In the Media

Mel Tucker made millions while he delayed the Michigan State sexual harassment case (USA Today)


In the absence of eyewitnesses or recordings, sexual misconduct cases often boil down to whose account is more credible. Tucker’s contradictory statements could sway the case in Tracy’s favor, said Ann Olivarius, a Title IX attorney who pioneered a landmark 1977 lawsuit that first established sexual harassment as a form of sex discrimination under the law.

Tucker may avoid the hearing if he reaches a settlement with the school first, Olivarius said. But Michigan State should be “very cautious about offering him a payout,” given its history of mishandling sexual abuse allegations against Larry Nassar, the disgraced campus physician serving an effective life sentence in prison. Nassar is accused of sexually assaulting more than 300 women and girls under the guise of medical treatments.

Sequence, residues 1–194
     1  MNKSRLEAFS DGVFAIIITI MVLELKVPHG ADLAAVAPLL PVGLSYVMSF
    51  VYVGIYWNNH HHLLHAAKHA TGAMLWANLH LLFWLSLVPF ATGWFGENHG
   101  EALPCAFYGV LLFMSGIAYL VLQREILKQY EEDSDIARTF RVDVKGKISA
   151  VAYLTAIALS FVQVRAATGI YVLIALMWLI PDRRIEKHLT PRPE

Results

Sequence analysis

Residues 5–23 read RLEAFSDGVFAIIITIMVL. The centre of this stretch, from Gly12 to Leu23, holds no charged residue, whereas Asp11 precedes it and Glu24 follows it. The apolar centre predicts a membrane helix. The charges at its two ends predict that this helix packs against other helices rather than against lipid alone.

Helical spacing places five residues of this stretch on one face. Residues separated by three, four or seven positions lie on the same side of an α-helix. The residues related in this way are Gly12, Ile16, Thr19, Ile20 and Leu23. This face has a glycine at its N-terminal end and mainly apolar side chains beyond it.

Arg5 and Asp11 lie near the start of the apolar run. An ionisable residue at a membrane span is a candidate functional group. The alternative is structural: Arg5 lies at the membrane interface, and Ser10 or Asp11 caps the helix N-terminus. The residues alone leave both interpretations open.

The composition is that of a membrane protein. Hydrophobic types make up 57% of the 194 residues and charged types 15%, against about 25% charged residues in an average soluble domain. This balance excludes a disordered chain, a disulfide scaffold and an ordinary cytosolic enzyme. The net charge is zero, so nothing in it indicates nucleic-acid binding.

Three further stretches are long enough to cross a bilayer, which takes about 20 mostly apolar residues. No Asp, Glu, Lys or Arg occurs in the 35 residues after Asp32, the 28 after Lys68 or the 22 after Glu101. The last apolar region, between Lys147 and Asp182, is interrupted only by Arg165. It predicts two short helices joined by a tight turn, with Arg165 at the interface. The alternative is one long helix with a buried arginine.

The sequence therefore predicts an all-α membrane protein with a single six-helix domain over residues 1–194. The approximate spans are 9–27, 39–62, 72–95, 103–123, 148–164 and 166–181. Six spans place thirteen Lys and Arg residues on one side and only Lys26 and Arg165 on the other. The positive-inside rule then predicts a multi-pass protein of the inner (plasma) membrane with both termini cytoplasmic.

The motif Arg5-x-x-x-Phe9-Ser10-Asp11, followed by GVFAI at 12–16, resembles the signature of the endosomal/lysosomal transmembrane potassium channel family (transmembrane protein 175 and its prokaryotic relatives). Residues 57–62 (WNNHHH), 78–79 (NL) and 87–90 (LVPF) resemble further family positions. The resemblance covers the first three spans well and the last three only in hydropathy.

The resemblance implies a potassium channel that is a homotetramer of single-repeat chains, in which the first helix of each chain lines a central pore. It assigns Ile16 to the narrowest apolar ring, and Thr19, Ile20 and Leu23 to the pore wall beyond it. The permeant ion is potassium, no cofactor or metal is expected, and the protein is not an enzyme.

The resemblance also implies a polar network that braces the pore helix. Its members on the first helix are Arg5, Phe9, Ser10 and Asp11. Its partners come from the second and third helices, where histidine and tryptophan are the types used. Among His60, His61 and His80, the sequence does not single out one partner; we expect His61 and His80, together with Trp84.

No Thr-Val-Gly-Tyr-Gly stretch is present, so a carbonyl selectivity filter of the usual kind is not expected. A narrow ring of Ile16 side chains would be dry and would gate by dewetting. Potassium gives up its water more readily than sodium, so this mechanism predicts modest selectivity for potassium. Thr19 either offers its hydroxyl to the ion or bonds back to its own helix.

“They should go after this guy,” Olivarius said. “I would never advise them, as counsel with expertise in this area, to pay him off at all. I’d say, ‘Bring it on. Sue us.’”


In Title IX cases, it is best practice to inform supervisors of accused employees about the existence of an investigation against them but to withhold the details, Olivarius said. Ideally, building a firewall between the Title IX office and an accused employee’s supervisors prevents them from tampering with the case.

Had the university suspended Tucker at the onset of the case, it would have drawn significant attention to the case that victims don’t always want. Olivarius, however, believes the school had cause to suspend him at the onset of the case, given that he had acknowledged masturbating on the call, and that Tracy’s business relationship with the school had been established.

“The central fact he has admitted to,” Olivarius said. “That’s as black and white as you can get.”